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West End Extra - The XTRA DIARY
Published: 13 March 2009

Victoria railway station pictured in 1928
Victoria celebrates its 150th

FOR most people, Victoria Station is an unremarkable place. At a push it’s an architectural curiosity in an otherwise dour area, but for the main, it’s a necessary transport hub to get to somewhere else.
This year, the underground part of the station celebrates its 150th birthday – a history that’s taken in two world wars and an average of 240,000 passengers every single day.
Built in 1868 by the Metropolitan Railway, later the Metropolitan Line, the station was part of a route that ran from South Kensington to Westminster Bridge.
It was the first underground station to be lit by electrical lights and was once the site of an ancient canal complete with mooring rings.
During the Second World War, the mainline station survived serious bombing and in 1969 it became part of the Victoria Line.
Line manager John Doyle said: “Victoria Station remains as important to Westminster today as it was 150 years ago. The station is a gateway and a lifeline, connecting the borough to the rest of London.”

Monty director bares all about film

Leading film director and producer Uberto Pasolini is working with Westminster Council as part of his research into what happens when someone dies alone, and how the local authority deals with such situations.
The man behind The Full Monty plans to accompany Westminster’s funerals officer as she tries to piece together the life of someone who has died alone, as well as attending a funeral where no friends or relatives can be traced.
Mr Pasolini said: “I am very interested in the work that public health officers do to celebrate people that are alone at the end of their lives. The film I am hoping to make recognises this.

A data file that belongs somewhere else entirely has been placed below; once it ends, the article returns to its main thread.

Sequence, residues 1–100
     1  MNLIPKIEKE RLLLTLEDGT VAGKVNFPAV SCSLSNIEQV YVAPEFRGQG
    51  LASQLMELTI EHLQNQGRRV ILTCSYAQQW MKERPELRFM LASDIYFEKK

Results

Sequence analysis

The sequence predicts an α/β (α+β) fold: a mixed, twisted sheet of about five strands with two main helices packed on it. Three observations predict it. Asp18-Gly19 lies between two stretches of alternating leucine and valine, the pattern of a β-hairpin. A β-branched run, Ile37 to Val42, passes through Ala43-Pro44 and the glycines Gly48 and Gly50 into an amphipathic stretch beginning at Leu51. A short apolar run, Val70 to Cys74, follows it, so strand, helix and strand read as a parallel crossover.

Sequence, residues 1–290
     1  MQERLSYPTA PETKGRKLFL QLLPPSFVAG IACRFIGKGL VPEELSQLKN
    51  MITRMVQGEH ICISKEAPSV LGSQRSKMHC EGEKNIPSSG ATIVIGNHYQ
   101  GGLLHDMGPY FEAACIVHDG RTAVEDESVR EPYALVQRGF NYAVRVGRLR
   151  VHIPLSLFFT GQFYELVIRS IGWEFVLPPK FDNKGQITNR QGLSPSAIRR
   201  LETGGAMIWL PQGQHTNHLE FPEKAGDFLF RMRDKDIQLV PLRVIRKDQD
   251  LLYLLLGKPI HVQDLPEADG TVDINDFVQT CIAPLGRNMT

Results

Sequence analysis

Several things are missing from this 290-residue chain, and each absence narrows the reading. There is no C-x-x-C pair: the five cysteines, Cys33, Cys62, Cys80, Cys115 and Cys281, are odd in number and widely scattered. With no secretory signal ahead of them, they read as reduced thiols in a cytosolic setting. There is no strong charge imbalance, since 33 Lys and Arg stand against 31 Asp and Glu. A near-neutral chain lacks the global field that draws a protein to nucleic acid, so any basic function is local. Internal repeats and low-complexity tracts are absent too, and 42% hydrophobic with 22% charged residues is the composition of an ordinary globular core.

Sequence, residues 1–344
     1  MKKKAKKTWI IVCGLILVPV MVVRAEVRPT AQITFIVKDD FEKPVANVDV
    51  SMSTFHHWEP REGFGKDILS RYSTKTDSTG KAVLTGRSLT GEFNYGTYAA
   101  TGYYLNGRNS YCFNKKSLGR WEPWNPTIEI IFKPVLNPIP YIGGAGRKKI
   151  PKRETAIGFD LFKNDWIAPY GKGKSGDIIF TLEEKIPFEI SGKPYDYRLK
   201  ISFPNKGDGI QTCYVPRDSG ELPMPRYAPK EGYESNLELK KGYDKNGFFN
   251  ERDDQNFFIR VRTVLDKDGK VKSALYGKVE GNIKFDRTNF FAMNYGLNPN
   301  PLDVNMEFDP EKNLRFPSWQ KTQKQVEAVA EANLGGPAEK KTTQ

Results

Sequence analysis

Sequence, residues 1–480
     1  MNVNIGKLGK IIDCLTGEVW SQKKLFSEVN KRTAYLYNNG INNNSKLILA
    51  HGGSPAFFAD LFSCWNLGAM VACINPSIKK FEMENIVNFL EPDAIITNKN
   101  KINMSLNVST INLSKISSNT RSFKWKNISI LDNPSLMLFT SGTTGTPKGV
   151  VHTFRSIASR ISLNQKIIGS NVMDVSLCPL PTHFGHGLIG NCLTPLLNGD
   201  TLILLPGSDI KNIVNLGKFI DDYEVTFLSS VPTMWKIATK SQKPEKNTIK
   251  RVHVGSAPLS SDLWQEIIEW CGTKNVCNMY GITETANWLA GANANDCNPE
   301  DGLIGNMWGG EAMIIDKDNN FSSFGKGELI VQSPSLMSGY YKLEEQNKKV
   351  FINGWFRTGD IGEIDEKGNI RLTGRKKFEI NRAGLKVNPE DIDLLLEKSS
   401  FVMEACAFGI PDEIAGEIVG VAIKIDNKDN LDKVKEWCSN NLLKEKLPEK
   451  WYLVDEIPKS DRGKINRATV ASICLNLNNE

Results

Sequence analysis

“This is very specific to the western world, as in developing countries there is still a family structure and older people are less likely to be so isolated. In Europe and the US there has been a change in society.”

Artist’s career has a bit of a wobble

HAS Bassett’s campaign to get the Dr Who writers to consider a makeover for the Cybermen paid off? Not quite.
The jelly babies in this Mayfair mews are part of an exhibit by pop artist Mauro Perucchetti. Matching social critique with pop aesthetics, Mauro has incorporated familiar icons from today’s culture as part of the Apopalyptic exhibition at the Halcyon Gallery.
“I have put everything into making art,” he said. “I hope that people will connect with the messages and ideas in my work – and above all I want to put the ‘art’ back into conceptual art.”

* Apopalyptic runs until April 25 at the Halcyon Gallery in Bruton Street.

DN eh? War on bike thefts

DIARY spotted this rather alarming sign in Bayswater this week, which proclaims: “Protecting your street with DNA property marking.”
Whose DNA exactly? Well, the scheme is not quite as Orwellian as it sounds.
Rather misleadingly, it’s not human DNA but a clear paste that dries clear, and contains microdots with special security numbers on them. In leafy Bayswater, where bike theft is apparently a big problem, you register your pot of “DNA” paste with a company called Selectamark and then paint it on your bike.
Should it be stolen, and the police are clever enough to recover it, they routinely check for the paste with a UV light, call Selectamark and trace the rightful owner.
Sounds expensive, and it is – about £40 for a pot – but police have been giving them out for free, with another round of deliveries due next month.

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